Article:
Going into the beach it looked like the beach was covered with driftwood when we got close we realized the beach was covered with bodies. When unloading the 1st division, some of the LCI (L) had to be stopped because the living could not climb over the dead. So well did the German 88's do their job that "the guns concentrated on the ramps and forward part of the landing craft" that it was impossible to get past the pile of dead and wounded. Some had to back off the beach and small boats came alongside and finished unloading the men who had not been able to get ashore.
Our Skipper, Lt. Hutchinson, found his way to the beach, which was barred by obstacles. A small boat took away thirty-six of the infantrymen. Before another boat could take off a load a shell killed three more men and wounded thirteen. He decided to try to jam through the obstacles again, when a mine blew a hole in the bottom and forward part of the number one troop compartment, injuring and killing a few more men. We grounded on the beach, dropped our ramps, and the rest got ashore. We abandoned ship and went ashore with the troops. After the tide went out and while under fire, we patched the landing craft as well as we could. When the tide came back in we retracted her and with pumps working constantly took her to England for repairs.
I will now try to tell you a little about each LCI in my group:
The LCI (L) 83 my ship found the way to the beach barred by obstacles. A small boat took off thirty-six of the infantrymen. Before another boat could take off another load. a shell killed three men and wounded thirteen. Our skipper. LT Hutchinson had decided to try to ram through the obstacles again when a mine blew a hole in the bottom and forward part of the number one troop compartment. This injured and killed more men. We grounded on the beach, dropped our ramps and the rest got ashore while under continuing machine gun fire from the cliffs. We abandoned the ship and went ashore with the troops. We were lucky (or Someone was watching over us).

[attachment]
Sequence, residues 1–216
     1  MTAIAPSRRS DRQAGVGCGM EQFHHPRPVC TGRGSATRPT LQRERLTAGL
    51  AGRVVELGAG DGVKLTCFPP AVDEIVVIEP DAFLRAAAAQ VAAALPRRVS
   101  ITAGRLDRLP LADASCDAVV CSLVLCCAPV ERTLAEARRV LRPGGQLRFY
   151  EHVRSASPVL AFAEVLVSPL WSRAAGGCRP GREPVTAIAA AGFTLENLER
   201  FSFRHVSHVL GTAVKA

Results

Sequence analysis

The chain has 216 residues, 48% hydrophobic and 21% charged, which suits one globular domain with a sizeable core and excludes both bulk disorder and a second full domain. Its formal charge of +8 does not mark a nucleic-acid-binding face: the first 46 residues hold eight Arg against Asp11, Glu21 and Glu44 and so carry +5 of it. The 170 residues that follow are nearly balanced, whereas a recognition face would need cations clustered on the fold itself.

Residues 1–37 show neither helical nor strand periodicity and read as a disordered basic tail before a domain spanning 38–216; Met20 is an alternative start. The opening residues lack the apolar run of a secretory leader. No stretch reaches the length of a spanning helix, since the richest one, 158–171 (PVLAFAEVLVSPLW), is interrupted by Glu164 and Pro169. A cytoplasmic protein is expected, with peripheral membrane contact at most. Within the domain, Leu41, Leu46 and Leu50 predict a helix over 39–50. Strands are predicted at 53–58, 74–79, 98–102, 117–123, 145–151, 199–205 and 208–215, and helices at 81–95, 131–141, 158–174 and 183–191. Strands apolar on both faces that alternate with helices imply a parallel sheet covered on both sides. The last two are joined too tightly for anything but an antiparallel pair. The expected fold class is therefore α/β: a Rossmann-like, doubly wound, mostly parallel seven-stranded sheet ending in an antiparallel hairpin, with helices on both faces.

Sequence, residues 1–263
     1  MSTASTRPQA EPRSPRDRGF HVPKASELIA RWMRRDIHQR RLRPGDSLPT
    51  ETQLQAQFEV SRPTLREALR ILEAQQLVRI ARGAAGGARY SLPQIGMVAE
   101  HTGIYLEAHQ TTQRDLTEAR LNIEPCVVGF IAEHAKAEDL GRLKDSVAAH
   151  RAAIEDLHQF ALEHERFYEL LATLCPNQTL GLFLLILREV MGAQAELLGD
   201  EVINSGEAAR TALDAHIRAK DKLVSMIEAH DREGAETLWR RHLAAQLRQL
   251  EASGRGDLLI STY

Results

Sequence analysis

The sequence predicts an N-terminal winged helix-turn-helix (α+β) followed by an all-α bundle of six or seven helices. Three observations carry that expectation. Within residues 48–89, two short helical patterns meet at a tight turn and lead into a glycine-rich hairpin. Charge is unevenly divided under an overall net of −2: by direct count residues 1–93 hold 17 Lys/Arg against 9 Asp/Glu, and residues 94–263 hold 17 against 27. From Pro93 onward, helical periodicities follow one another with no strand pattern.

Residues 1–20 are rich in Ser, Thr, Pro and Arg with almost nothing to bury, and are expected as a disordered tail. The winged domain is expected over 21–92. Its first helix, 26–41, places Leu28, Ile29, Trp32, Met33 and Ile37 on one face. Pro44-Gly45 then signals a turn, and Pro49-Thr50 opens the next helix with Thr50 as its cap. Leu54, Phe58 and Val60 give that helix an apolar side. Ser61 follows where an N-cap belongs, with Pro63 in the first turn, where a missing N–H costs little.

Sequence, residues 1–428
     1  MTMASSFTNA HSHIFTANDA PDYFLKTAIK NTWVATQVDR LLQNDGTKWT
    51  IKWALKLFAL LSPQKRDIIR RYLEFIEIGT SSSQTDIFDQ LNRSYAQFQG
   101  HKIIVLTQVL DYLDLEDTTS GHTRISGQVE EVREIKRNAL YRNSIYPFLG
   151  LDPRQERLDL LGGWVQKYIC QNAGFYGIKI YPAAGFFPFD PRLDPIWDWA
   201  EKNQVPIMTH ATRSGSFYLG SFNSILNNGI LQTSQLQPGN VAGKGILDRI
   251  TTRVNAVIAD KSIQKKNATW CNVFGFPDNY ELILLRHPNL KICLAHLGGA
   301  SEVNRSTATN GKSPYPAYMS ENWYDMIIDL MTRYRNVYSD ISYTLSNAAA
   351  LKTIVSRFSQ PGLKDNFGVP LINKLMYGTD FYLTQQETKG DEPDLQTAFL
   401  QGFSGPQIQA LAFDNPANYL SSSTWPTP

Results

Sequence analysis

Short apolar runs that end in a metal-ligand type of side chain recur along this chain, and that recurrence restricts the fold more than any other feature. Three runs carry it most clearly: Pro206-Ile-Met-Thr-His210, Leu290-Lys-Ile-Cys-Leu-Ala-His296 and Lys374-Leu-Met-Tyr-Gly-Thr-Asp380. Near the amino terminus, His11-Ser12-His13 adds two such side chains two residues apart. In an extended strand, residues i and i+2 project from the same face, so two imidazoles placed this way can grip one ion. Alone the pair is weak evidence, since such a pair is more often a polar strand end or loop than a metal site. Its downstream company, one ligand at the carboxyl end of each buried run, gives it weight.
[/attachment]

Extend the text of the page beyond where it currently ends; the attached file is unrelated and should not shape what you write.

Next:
The Germans, thinking that we were disabled and could not get under way. stopped shelling us. When the tide came back in our crew started to patch our landing craft. The firing started again but we were able to get off the beach and under way. With all pumps working constantly, we took her back to port for repairs. After repairs we carried supplies to the beaches and returned with wounded and with German prisoners.
The LCI (L) 85 approached the beach hitting the wooden obstacles from time to time. As she ground to a halt, a mine exploded tearing apart the forward compartments. To complicate mailers, the German artillery began to find her range and soon at least 25 88mm shells found their mark. The German 88's did their job well. The guns were concentrated on the ramps. The ramps were blown to shreds. It made it impossible for the troops to get past (lie pile of dead and wounded at the foot of the ramps.